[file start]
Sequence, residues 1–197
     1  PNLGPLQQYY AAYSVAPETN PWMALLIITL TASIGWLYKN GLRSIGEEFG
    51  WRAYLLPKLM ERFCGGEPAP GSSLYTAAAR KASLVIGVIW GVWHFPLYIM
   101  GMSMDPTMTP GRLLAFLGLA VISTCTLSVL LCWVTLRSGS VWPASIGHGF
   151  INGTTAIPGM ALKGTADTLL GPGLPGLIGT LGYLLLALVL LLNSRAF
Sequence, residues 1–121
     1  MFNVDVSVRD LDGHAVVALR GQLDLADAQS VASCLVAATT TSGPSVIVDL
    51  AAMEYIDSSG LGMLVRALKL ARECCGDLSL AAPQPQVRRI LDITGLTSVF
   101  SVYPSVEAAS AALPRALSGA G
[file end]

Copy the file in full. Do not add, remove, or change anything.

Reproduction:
Sequence, residues 1–197
     1  PNLGPLQQYY AAYSVAPETN PWMALLIITL TASIGWLYKN GLRSIGEEFG
    51  WRAYLLPKLM ERFCGGEPAP GSSLYTAAAR KASLVIGVIW GVWHFPLYIM
   101  GMSMDPTMTP GRLLAFLGLA VISTCTLSVL LCWVTLRSGS VWPASIGHGF
   151  INGTTAIPGM ALKGTADTLL GPGLPGLIGT LGYLLLALVL LLNSRAF
Sequence, residues 1–121
     1  MFNVDVSVRD LDGHAVVALR GQLDLADAQS VASCLVAATT TSGPSVIVDL
    51  AAMEYIDSSG LGMLVRALKL ARECCGDLSL AAPQPQVRRI LDITGLTSVF
   101  SVYPSVEAAS AALPRALSGA G